Anti-hunting and anti-sustainable use campaigns can spread like wildfire, giving people of various ilk the might to jump on the Facebook, Twitter, and Instagram bandwagons to add their two cents to the matter. If they don’t voice their opinions, they might appear to not have any empathy for the animals, or appear to not be nature lovers. The truth is that most cases these people fall for cleverly constructed stories that tug at the heart strings and strike the right emotional notes.
Social media is the platform where stories are posted and where people believe them, without doing their own research, checking facts, background, context, and consequences. Complex issues are accepted based on the headline alone, skillfully crafted by media (con) artists who can deliver info within 140 characters.
The story of Cecil is a perfect example of this.
Flip the coin, and on the other side of it you get millions of hunters who are apparently too complacent to support pro hunting drives or to engage in countering the numerous anti-hunting messages. They also don’t want to be noticed, for fear of smear attackes or other vitriol from the opposing side. Hunters seem to expect the good news to be delivered by their clubs, complain when they get bac news, or simply stick their heads in the sand to not rock the boat.
Well, with better arguments and science on their side, this has to change.
The New York Times recently posted an article about social media and how its ubiquitousness has created what can be described as something of a shame culture. The author puts it into perspective like this: in a guilt culture, you know whether you are good or bad based on what your conscience feels. In a shame culture you are good or bad based on what your community says about you, judging by whether it honours or excludes you. In a guilt culture, people sometimes feel that they’re doing bad things, but in a shame culture, social exclusion makes people feel bad.
The New York Times article goes on to explain that the world of social media is one constant display in observation. To be embraced and praised by your community is an immense pressure. Being exiled and condemned is what people fear and dread most. In this environment, morality isn’t built on right or wrong, but more on inclusion and exclusion. Traditionally, shame cultures in the world worked differently, and the opposite of shame was honour or “face”, meaning that you were known as a dignified or an upstanding citizen. With today’s shame culture, the opposite of shame means celebrity, meaning attention-grabbing and aggressively unique on social media.
Hunters, until now, didn’t fight this new moral system that the anti-use and anti-hunting spin doctors propagate. Their unfounded claims of moral authority and their views on right and wrong action or behaviour has never been disputed. But instead os staying quiet, we, as hunters, must enage our adversaries in an open and public debate. We should do this, often and consistently. While we’re at it, we should also include more representatives of indigenous people.
The millions of individual hunters should engage anti-hunting activitst. Hunters should broadcast as far and as wide as possible the undisputable facts that underpin good conversation. This can counter the emotionally-loaded anti-use propaganda.
Like our adversaries we, too, must use social media, whether big or small to create campaigns, petitions, and to show our presence on discussions and forums. By showing the world the hard facts, figures, and science of conservation in a way that’s easy to understand, we’ll reach the hearts and minds of people of good will. People who mean will in this world, who rightfully care and advocate for wildlife, need access to the facts and sciences, and they have a right how REAL conservation works in both the remote and not so remote areas of the world. The individuals, like hunters, are concerned about the well-being of the environment. They care for nature and its wildlife.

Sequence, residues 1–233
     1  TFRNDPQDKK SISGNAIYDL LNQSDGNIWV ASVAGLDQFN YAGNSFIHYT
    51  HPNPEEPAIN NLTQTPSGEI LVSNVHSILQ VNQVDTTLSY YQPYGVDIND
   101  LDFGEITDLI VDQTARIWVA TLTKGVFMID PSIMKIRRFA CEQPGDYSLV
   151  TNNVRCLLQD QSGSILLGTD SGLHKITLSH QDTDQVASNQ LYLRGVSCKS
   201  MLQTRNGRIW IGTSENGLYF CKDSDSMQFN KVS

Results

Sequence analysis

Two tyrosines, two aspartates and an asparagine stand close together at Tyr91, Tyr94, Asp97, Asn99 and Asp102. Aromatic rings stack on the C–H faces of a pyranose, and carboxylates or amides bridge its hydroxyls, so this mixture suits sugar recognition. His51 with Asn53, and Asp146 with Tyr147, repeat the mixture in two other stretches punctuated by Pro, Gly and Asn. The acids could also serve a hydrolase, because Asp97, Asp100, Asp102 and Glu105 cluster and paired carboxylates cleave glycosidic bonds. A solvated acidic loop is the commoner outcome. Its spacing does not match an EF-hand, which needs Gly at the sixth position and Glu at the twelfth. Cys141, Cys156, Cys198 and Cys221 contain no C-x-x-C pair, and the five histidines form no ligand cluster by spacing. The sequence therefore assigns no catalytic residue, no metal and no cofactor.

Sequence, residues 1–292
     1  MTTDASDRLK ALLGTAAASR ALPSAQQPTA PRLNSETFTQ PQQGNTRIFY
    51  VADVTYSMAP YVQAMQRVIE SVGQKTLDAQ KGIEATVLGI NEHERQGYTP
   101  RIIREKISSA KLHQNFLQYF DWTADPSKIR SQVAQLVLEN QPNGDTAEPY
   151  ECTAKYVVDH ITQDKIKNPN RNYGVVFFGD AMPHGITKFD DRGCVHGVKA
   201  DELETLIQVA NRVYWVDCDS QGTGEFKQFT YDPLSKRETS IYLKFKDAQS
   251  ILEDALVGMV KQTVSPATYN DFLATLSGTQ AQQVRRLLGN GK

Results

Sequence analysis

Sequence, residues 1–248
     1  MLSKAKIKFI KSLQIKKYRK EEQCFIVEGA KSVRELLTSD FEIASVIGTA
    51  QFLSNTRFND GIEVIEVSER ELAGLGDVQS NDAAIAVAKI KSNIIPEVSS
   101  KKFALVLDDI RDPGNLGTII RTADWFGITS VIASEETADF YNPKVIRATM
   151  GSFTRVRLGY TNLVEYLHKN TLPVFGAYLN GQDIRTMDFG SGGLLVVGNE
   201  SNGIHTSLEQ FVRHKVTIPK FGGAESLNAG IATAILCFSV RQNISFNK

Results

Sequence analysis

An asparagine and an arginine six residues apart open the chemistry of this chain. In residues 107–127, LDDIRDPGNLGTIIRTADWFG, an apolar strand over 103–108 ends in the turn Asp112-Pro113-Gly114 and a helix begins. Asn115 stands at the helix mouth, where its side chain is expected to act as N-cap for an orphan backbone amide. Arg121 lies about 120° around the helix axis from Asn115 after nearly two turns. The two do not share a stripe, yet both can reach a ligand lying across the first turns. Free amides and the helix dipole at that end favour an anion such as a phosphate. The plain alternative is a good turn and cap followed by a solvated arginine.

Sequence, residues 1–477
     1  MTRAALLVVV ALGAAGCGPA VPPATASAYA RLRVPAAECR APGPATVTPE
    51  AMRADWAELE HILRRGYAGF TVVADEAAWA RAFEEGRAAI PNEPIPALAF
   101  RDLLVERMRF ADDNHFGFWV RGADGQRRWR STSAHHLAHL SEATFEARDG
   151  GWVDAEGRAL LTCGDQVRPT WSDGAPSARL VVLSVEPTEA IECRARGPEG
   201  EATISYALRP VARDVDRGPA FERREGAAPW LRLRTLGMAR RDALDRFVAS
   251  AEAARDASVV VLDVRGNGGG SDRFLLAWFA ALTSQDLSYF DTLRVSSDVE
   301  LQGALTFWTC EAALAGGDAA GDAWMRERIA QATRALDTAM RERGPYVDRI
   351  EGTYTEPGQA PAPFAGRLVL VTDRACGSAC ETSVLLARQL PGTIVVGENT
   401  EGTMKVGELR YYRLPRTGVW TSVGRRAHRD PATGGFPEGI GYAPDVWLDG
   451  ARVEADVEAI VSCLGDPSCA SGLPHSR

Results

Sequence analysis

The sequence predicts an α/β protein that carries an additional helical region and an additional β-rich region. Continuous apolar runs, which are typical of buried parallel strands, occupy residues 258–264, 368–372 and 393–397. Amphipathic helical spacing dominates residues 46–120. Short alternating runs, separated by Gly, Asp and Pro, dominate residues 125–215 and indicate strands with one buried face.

Yes, it can be unsettling to hear for non-hunters about the killing of animals, but one doesn’t have to like hunting. Even if hunting coincide with someone’s own beliefs, it does not mean that hunting is amoral. It is crucial that hunters utilize each and every oppurtunity to explain the differences between conservation and preservation, as well as the fact that good conservation produces surpluses and that these surpluses produced by nature can and should be harvested.
The whole “hunter vs. non-hunter” situation needs to be changed, as both groups care for wildlife and the places one can find them in. Shane Mahoney, writer for the African Indaba, advocates this, stating that hunters need to take leadership in a conservation coalition to welcome everyone who cares for wildlife to help them understand hunting or accept its contribution to conservation, even if it makes them uncomfortable.
Mahoney adds that hunters should evaluate their own actions in the field to find their own True North; finding a common good to help sustain respected hunting practices that are worth defending, even at the cost of being branded as unpopular or excluded.
If we become complacent by not going out to argue with facts and figures with a strong knowledge AND conviction, we will lose the war. We have better arguments, we care deeply about wildlife and wild space, so it should make sense that we need to involve non-hunters more. This will unite us with most of them.
Teddy Roosevelt once said this:
People don’t care how much you know until they know how much you care.
Both the founder of the National parks movement in the United States and Roosevelt, a great conservationist, he know that hunters does care about the landscapes and the biodiversity of the wild. And, he too, was a hunter all his life.
It is up to us to prove that hunters the world over care for landscape and the animals therein.